Iraq Is Failing To Spend Billions In Oil Revenues

Team Infidel

Forum Spin Doctor
New York Times
December 11, 2006
Pg. 1

By James Glanz
BAGHDAD, Dec. 10 — Iraq is failing to spend billions of dollars of oil revenues that have been set aside to rebuild its damaged roads, schools and power stations and to repair refineries and pipelines.
Iraqi ministries are spending as little as 15 percent of the 2006 capital budgets they received for the rebuilding — with some of the weakest spending taking place at the Oil Ministry, which relies on damaged and frequently sabotaged pipelines and pumping stations to move the oil that provides nearly all of the country’s revenues. In essence, the money is available — despite extensive sabotage, the oil money is flowing — but the Iraqi system has not been able to put it to work.
The country is facing this national failure to spend even as American financial support dwindles. Among reasons for the problems — like a large turnover in government personnel — is a strange new one: bureaucrats are so fearful and confused by anticorruption measures put in place by the American and Iraqi governments that they are afraid to sign off on contracts.
The inability to spend the money raises serious questions for the government, which has to demonstrate to citizens who are skeptical and suspicious of government corruption that it can improve basic services, and that at a time when American funds for reconstruction are being reduced, it can prove to other foreign donors that it can quickly put to use the money they may be willing to commit.
After the expenditure of roughly $22 billion in American taxpayer dollars on Iraq reconstruction, the increase of the Iraqi capital budget was seen by many as a sign that oil revenues could finally begin paying for the rebuilding, four years after Bush administration predictions that the country could afford the program on its own.
Iraq’s overall capital budget in 2006 was nine trillion Iraqi dinars, or about $6 billion, said Abdulbasit Turki Saeed, president of the Iraqi Board of Supreme Audit and a member of the Iraqi cabinet’s economic committee.
But Mr. Saeed said that across the entire government, only about 20 percent of the capital budget had been spent, according to the committee’s recent figures. A senior Western official agreed with that estimate.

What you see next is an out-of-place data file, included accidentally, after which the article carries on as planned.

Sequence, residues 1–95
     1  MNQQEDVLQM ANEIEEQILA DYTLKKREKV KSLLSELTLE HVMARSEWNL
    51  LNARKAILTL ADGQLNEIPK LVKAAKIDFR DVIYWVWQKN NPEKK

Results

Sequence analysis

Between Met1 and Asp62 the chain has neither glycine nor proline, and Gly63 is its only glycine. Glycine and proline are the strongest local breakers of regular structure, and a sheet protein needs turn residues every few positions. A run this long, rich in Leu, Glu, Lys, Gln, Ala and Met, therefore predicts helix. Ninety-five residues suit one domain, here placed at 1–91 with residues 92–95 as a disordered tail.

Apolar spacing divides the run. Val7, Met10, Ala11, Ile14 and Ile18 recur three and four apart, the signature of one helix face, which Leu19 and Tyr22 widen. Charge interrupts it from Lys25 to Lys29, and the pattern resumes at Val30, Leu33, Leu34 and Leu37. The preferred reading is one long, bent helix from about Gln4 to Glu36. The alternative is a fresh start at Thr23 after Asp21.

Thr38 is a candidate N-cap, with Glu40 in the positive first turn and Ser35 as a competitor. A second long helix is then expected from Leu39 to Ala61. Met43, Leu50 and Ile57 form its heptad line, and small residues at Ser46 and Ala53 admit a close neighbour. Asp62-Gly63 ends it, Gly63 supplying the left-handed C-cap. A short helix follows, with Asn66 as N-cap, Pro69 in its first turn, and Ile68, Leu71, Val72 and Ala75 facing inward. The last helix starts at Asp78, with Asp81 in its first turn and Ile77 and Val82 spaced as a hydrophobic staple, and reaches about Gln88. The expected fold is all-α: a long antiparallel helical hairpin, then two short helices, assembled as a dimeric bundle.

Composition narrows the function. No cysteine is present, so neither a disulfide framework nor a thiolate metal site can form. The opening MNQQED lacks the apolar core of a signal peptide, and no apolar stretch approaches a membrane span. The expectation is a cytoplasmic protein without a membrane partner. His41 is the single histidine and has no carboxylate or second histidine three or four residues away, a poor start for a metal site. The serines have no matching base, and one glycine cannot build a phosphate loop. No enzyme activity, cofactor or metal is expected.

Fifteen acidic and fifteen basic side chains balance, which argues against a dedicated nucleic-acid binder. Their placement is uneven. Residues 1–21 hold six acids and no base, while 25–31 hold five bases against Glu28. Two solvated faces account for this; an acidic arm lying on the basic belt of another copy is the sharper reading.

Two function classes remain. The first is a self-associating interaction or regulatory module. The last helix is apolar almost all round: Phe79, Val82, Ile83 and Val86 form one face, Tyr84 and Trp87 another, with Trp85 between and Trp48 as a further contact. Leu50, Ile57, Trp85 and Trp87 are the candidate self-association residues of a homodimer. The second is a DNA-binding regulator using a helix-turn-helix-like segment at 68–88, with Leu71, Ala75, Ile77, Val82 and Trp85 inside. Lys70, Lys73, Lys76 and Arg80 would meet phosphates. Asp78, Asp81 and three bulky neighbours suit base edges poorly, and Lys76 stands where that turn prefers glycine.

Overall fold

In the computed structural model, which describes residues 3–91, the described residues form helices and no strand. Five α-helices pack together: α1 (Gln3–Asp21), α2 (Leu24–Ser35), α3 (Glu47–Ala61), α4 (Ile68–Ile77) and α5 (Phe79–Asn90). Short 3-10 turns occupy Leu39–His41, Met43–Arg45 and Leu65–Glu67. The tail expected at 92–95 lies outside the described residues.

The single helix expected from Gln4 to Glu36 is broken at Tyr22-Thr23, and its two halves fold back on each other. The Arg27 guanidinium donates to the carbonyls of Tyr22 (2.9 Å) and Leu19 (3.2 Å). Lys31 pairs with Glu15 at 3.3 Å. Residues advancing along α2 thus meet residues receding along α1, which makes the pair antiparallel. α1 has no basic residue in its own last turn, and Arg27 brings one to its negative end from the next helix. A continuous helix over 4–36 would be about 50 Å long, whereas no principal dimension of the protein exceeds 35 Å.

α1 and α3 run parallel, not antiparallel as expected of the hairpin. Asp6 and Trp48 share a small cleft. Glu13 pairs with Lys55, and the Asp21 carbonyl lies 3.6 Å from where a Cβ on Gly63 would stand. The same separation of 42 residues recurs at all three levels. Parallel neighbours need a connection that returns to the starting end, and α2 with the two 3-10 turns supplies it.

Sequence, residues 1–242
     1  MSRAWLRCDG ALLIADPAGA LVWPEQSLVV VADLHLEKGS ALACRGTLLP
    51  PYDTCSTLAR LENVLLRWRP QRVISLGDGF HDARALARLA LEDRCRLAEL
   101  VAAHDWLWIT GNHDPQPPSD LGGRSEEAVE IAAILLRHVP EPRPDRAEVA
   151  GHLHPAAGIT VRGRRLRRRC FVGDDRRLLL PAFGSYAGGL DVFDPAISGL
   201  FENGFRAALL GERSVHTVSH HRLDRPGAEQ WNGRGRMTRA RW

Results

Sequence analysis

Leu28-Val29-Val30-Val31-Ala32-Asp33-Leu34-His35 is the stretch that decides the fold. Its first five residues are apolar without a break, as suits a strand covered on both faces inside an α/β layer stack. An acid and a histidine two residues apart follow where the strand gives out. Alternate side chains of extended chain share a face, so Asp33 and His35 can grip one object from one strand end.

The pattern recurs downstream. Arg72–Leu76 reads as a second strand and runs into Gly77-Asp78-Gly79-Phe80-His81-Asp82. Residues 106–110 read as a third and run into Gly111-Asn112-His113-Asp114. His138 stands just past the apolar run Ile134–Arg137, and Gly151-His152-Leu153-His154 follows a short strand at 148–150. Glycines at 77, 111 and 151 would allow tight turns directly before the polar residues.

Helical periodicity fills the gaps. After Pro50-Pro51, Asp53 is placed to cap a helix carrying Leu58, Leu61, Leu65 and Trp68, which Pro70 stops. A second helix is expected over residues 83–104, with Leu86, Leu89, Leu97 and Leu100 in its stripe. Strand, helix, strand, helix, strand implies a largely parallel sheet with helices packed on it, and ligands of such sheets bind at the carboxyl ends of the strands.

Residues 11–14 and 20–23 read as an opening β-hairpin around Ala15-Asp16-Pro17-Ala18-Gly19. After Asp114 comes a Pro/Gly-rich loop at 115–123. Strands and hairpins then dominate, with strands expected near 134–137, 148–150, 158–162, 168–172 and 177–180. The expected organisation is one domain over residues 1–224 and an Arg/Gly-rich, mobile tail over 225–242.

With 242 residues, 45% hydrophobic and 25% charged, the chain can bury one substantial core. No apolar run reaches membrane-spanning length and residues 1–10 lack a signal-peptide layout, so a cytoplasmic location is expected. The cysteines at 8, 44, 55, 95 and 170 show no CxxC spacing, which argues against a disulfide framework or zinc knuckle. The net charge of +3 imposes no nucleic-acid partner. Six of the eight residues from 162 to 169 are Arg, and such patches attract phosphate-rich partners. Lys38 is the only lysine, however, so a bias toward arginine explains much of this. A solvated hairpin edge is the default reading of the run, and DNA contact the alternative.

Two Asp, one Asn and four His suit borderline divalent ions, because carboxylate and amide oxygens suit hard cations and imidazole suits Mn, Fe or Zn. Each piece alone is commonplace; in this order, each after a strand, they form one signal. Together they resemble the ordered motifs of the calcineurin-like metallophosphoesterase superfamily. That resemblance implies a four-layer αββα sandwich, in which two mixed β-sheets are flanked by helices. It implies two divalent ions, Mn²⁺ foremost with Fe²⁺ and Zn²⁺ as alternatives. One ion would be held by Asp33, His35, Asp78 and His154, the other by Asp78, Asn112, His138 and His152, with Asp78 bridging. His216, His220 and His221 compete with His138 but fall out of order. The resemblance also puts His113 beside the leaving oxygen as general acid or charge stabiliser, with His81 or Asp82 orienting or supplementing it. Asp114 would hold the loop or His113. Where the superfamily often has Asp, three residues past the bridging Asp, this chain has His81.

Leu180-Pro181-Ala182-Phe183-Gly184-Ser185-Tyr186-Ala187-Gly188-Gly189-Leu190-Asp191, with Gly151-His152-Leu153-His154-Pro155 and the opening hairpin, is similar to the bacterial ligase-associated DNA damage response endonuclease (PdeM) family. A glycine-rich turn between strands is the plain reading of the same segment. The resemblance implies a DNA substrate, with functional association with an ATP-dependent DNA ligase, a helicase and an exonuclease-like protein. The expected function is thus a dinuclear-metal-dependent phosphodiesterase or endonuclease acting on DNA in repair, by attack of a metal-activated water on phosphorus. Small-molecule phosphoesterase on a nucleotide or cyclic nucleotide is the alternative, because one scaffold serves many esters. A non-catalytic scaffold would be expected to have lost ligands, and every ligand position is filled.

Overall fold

“It’s slow. It’s disappointing,” the Western official said, speaking on the condition of anonymity because he was not authorized to discuss the subject publicly. “In general, they have had trouble getting projects started.”
The problem was briefly acknowledged in the report last week by the bipartisan Iraq Study Group, which gave similar figures for capital expenditures and said that “many ministries can do little more than pay salaries.”
In interviews, alarmed Western and Iraqi officials sought to put the best face on the problem, saying they thought that the pace of spending had picked up in the last two to three months as the government began taking steps to improve its performance.
Those officials said that in a nation with reconstruction needs around every corner, the puzzling phenomenon of unspent money was partly explained by the rapid turnover in governments, security woes, endemic corruption and a lack of technocrats skilled at jobs like writing contracts and managing complex projects. In short, nearly all the ills that have undermined the American rebuilding program seem to be plaguing the Iraqi one.
Hussain al-Shahristani, the Iraqi oil minister, said he thought that he could spend substantially more of this year’s budget if he could resolve administrative bottlenecks, like Finance Ministry delays in authorizing payments.
“It’s the bureaucracy,” Mr. Shahristani said. “Particularly financial people take too long to change their old habits.”
But some American and Iraqi officials here are also saying that the stringent measures they had favored to slow the rampant corruption may be especially daunting for bureaucrats who have little experience with Western-style regulations and oversight. Those officials say that Iraqis who have seen their colleagues arrested and jailed in anticorruption sweeps are reluctant to put their own name on a contract.